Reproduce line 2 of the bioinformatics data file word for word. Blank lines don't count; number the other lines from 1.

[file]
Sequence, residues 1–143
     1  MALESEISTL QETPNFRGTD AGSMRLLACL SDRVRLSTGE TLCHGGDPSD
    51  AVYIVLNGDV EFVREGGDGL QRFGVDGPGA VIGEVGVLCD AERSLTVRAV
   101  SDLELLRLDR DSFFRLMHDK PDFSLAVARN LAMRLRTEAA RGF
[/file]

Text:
     1  MALESEISTL QETPNFRGTD AGSMRLLACL SDRVRLSTGE TLCHGGDPSD